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Where there is no law, but every man does what is right in his own eyes, there is the least of real liberty
Henry M. Robert

Ukraine – a time to decide

In less than three weeks’ time, the people of Ukraine go to the polls in Presidential elections which will determine the future direction of the country
7 May, 2014 - 18:13

Preparations for elections are going ahead despite attempts to destabilize, disrupt and intimidate. They are going ahead despite attempts to undermine the sovereignty and territorial integrity of Ukraine. Against such a background, the vote becomes more important. The UK, with our EU partners, is offering whatever support we can to help Ukraine move ahead to a more prosperous, democratic, and accountable future. But the choice of who should lead you to that future is yours to make and you must be free to make it without fear of instability and intimidation.

Support for a stable, democratic Ukraine is clear: it comes from European nations, the United States, and our G7 and NATO allies. The international community does not underestimate the challenges you face or the help you need.

Just last week, the IMF agreed a loan that will help Ukraine to tackle its immediate financial needs and launch much-needed reforms. The UK has set the police experts from Scotland Yard on tracking the vast funds looted by former President Yanukovych and his cronies. We want to see these assets returned to their rightful owners, the people of Ukraine. This will take time and hard work but last week in London we gave further momentum to this process with the Ukraine Forum on Asset Recovery.

The next three weeks will be challenging. Violent confrontations continue in Sloviansk, Odesa and other parts of the country. Dozens of people have been abducted and detained illegally and political activists have disappeared. Journalists have been held hostage or intimidated. It is essential that a free independent media can go about their lawful business without fear of intimidation as they do in every decent democracy. And it is essential that the public in Ukraine and around the world have access to open, honest information about the situation so they can make up their own minds.

I commend the Ukrainian authorities for the restraint they have shown in the face of severe provocation. I recognize the undeniable challenges of responding resolutely to armed and violent lawlessness whilst avoiding risk to innocent civilians.

Following last month’s agreement in Geneva, the Government of Ukraine has taken significant steps to bring about stability and reconciliation. In keeping with the shared values of the OSCE and Council of Europe, they have made firm commitments to protect minority rights, offered an amnesty for those involved in actions in eastern Ukraine, special status for the Russian language and launched a debate on constitutional reform and decentralization. I know well from our own experience in Northern Ireland the importance of inclusive dialog across all communities.

The world is looking to Russia to match your Government’s steps to live up to its Geneva commitments.

Russia must pull back its troops. It must ensure that its proxies in eastern Ukraine release hostages, lay down their arms, cease provocations, leave the buildings they have occupied, and allow the legitimate, democratic processes to take their course. And it must step back from its illegal annexation of Crimea.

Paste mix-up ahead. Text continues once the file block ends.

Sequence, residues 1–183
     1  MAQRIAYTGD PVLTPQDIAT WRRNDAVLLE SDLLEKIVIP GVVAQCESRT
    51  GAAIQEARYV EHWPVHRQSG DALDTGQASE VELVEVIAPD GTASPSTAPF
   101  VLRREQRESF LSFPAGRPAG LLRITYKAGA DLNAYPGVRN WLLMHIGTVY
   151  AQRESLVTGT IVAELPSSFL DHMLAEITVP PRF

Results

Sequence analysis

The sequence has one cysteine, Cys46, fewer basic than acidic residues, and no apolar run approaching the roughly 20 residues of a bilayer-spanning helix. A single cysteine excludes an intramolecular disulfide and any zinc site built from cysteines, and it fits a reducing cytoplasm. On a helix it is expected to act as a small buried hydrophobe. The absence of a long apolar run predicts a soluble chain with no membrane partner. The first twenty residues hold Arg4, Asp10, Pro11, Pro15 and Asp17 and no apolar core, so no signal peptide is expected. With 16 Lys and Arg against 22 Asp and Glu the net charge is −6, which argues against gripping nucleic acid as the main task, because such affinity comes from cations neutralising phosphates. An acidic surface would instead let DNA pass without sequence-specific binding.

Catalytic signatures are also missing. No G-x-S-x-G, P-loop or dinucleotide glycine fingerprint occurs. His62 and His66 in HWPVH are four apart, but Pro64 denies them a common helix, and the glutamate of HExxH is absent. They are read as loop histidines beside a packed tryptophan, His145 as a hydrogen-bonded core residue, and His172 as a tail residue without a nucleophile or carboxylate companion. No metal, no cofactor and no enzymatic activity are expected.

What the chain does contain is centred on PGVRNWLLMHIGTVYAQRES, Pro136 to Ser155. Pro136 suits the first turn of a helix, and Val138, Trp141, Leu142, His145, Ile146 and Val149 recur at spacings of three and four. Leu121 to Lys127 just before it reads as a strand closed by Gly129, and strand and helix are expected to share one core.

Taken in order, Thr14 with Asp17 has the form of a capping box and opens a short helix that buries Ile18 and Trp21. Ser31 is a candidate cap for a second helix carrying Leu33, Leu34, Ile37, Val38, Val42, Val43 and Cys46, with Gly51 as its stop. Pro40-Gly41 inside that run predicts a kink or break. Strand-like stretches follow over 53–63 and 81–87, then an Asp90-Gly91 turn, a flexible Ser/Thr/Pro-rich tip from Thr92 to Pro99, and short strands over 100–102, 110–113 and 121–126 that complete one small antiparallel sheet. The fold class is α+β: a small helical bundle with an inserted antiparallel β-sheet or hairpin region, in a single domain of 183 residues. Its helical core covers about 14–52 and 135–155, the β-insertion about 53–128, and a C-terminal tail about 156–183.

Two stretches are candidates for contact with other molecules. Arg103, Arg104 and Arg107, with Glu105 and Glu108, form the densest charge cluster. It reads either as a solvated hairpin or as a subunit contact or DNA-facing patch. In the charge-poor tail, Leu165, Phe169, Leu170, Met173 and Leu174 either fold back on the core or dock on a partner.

Russia should know that Ukrainians will not be fooled by the disinformation spread from Moscow’s propaganda machine. The vast majority of the people of this country want to stay in an independent Ukraine.

The international community does not want to see Moscow isolated again after over twenty years of rebuilding relationships that can make a real difference to some of the world’s most difficult problems. But we cannot stand by and ignore the attempts to dismember the sovereign territory of Ukraine with the illegal annexation of Crimea.

Nor can we stand by and watch the fomenting of instability and discord in eastern Ukraine. So, we have made consistently clear to the Russian Federation that its interference and intervention in Ukraine will have unwelcome consequences. Moscow need only reflect upon the massive flight of capital from its territory, from the dramatic fall of its stock market, from rising inflation and the downgrading of its credit rating. And it should be in no doubt about the willingness of the international community to do more.

Much of the responsibility for de-escalating the crisis lies with Moscow, but the responsibility for choosing Ukraine’s future lies solely with Ukrainians.

In the long-run, it will be the people of Ukraine who will triumph: the sailors of Odesa, the miners of the Donbas, and the residents of Kyiv and Lviv.

This should not be by force of arms. It will be by the gradual improvement in their living standards that will come from being a modern, democratic nation, which embraces European values, embraces transparency and condemns corruption.

And Ukraine should not have to choose with whom it does business. The EU does not insist on either East or West. A prosperous and stable nation of 46 million people trading across all its borders would be in the interests of everyone in the region.

Doing business with the EU is a proven route to economic growth. Since 1989, Poland has gone from a country with 500 percent inflation and bare shop shelves, to being the sixth largest economy in Europe and one of the fastest-growing.

Ukraine’s elections are a chance for a new start for Ukraine. The international community stands with you as you prepare to decide your future.

By William HAGUE, UK Foreign Secretary